In recent years, the historiography of the early modern globalization has given increasing emphasis to the role of women. However, there are still little-known aspects due to the almost totally exclusive male focus. Among these topics, there is the presence of women on board transoceanic voyages. The difficulty of studying the women’s presence on early modern vessels comes mainly from the documentary silence. Indeed, women’s presence on board ships was considered very inconvenient. Women on board could represent an incitement to the ever-burning sexual appetites of the sailors, inducing them to sin. In addition to this, disorders could arise because of jealousy related to potential love affairs between women passengers and the crew.
Nonetheless, some women did travel on ships. We should cite the case of the first women who disguised as men managed to reach India on board Francisco de Almeida’s fleet, in 1505. They were Isabella Pereira, Lianor, Branca and Inês Rodrigues. We can only imagine the marvel in their eyes while reaching the Far East after a dangerous and long journey. Other categories of female passengers traveling to the West or the East were prostitutes and nuns, servants following their masters, or indigenous slaves brought back to Europe, or snatched from Africa for the Americas. The movements, it must be remembered, did not go in one direction only, and thus we cannot be restricted to a Eurocentric view.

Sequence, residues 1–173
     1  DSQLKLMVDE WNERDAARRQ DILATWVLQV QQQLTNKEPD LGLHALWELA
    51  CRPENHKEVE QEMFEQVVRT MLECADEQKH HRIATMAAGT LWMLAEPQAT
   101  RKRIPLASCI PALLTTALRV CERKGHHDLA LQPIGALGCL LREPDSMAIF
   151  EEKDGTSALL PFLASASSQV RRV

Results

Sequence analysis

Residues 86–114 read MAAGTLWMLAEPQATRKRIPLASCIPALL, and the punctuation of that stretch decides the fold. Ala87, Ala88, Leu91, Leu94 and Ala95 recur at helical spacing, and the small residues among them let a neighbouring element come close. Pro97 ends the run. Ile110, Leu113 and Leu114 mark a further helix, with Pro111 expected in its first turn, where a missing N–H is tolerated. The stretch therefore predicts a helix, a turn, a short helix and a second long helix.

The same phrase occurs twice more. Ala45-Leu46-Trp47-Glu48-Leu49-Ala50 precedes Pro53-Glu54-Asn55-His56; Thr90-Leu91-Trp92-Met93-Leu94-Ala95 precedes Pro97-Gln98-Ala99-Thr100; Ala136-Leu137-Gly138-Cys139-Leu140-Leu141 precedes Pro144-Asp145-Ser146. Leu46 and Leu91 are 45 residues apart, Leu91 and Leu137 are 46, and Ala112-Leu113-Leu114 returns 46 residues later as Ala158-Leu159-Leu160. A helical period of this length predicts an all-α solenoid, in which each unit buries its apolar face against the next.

A fascinating case is the story of Sor Jerónima de la Asunción, who in 1620, together with her Franciscan Sisters, left her convent in Toledo to go found the first female convent in the Philippines. The group of nuns first crossed the Atlantic and stopped in Mexico. They later embarked the Manila Galleon to cross the Pacific Ocean and reach the Philippines. This journey is narrated in a very rare source written by a companion of Sor Jerónima, Sor Ana de Cristo, a long manuscript account of their fifteen-month odyssey.
This is just one example among many that exist. Women, although unrecognized, paid a great tribute of blood to the global European expansion. These few lines are not enough to exhaust an extremely complex subject but they may serve as a cue to deepen and learn more. [David Salomoni]